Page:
Capitalism is Responsible for Environmental Deterioration

ORFILIO PELÁEZ

Capitalism cannot regulate, let alone solve the world crisis it has unleashed, especially the ecological one, since doing so requires putting some limits to the accumulation of wealth, and that option is unacceptable for a system whose currency is to grow or to die.

These were the words of Ismael Clark, president of the Cuban Academy of Science, during a keynote address at the opening ceremony of the 2nd International Colloquium of the University of Havana, with the presence of Cuban Minister of Culture Abel Prieto Jimenez.

Clark said that with the expansion of the industrial Revolution and the growing demand for energy, the environment started to be seen as another component of economic wealth for the development of capitalism. This has led to acute environmental deterioration characterized by indiscriminate deforestation, pollution, and the loss of biodiversity, which experts consider to be the worst consequence due to its magnitude and irreversibility.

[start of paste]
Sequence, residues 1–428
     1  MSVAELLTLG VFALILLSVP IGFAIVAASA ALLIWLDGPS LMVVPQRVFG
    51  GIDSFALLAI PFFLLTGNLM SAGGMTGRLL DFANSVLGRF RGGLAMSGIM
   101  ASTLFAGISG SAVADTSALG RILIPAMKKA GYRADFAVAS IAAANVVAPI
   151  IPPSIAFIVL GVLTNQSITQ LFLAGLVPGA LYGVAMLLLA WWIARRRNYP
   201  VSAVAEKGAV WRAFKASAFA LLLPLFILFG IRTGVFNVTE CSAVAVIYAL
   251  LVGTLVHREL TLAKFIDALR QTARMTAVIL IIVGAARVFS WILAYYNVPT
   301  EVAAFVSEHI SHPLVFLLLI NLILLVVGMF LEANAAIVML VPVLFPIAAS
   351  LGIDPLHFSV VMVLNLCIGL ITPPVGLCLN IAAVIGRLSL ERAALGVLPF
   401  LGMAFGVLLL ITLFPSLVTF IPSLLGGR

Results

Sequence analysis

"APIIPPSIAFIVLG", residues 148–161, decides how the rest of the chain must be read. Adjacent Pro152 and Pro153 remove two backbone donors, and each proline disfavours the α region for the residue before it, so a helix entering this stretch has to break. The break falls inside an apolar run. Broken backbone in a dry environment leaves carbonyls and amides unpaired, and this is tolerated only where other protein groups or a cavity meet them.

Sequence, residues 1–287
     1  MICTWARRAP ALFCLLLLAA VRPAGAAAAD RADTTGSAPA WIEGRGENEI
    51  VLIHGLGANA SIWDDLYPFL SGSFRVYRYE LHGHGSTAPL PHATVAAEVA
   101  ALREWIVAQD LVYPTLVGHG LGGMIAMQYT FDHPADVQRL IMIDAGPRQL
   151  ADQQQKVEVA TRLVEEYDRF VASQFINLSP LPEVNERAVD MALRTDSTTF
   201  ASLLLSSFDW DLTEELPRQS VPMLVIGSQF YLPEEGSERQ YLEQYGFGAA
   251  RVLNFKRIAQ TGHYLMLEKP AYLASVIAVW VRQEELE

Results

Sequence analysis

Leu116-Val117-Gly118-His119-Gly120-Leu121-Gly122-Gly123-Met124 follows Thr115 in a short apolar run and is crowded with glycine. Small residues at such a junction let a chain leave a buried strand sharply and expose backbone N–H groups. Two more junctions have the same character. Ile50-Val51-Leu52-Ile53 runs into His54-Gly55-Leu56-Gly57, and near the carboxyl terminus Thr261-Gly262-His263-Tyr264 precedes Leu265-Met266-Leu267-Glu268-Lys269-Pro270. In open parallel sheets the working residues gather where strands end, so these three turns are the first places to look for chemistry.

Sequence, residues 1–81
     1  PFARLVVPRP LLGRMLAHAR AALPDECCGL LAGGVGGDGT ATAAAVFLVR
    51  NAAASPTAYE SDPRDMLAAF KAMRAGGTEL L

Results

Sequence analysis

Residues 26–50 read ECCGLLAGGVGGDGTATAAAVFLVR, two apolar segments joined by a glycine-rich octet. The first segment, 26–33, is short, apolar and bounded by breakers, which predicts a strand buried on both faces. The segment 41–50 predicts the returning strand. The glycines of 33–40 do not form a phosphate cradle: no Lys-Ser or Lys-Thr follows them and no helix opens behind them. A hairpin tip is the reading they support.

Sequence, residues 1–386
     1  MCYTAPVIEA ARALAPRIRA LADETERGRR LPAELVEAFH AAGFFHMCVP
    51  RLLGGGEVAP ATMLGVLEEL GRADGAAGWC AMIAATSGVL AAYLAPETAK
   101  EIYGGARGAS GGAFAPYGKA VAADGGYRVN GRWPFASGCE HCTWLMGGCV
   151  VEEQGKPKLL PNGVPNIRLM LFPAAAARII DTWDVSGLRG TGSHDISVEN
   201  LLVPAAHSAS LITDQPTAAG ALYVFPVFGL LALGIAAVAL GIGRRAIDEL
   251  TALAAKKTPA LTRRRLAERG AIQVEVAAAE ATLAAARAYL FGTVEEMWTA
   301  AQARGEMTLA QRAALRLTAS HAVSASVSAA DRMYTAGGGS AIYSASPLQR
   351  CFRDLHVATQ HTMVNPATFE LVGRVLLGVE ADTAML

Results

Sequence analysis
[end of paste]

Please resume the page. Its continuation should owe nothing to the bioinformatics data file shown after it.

Clark also said that back in Marti’s day, he warned of the dangers that the indiscriminate human aggression towards nature could bring about, and cited: “A treeless region is poor, a treeless city is unhealthy, a treeless portion of land will have scarce rain.”

Clark also pointed out that nowadays scientific ethics are facing the challenge of searching for approaches in correspondence with the basic needs, and which also improve the human condition and wellbeing.

Some other speakers during the act were Dr. Armando Hart Dávalos, president of the Organizing Committee of the event; Herman Van Hoff, director of the Regional Office of Culture for Latin America and the Caribbean and official of UNESCO to Cuba; Gustavo Cobreiro, rector of the University of Havana; and Gustavo Robreño, executive coordinator of this Colloquium.

Also attending the Colloquium were nuerous delegates and guest personalities to the forum, relatives of the five Cuban Heroes unjustly imprisoned in US jails, and members of the diplomatic corps accredited in Cuba.

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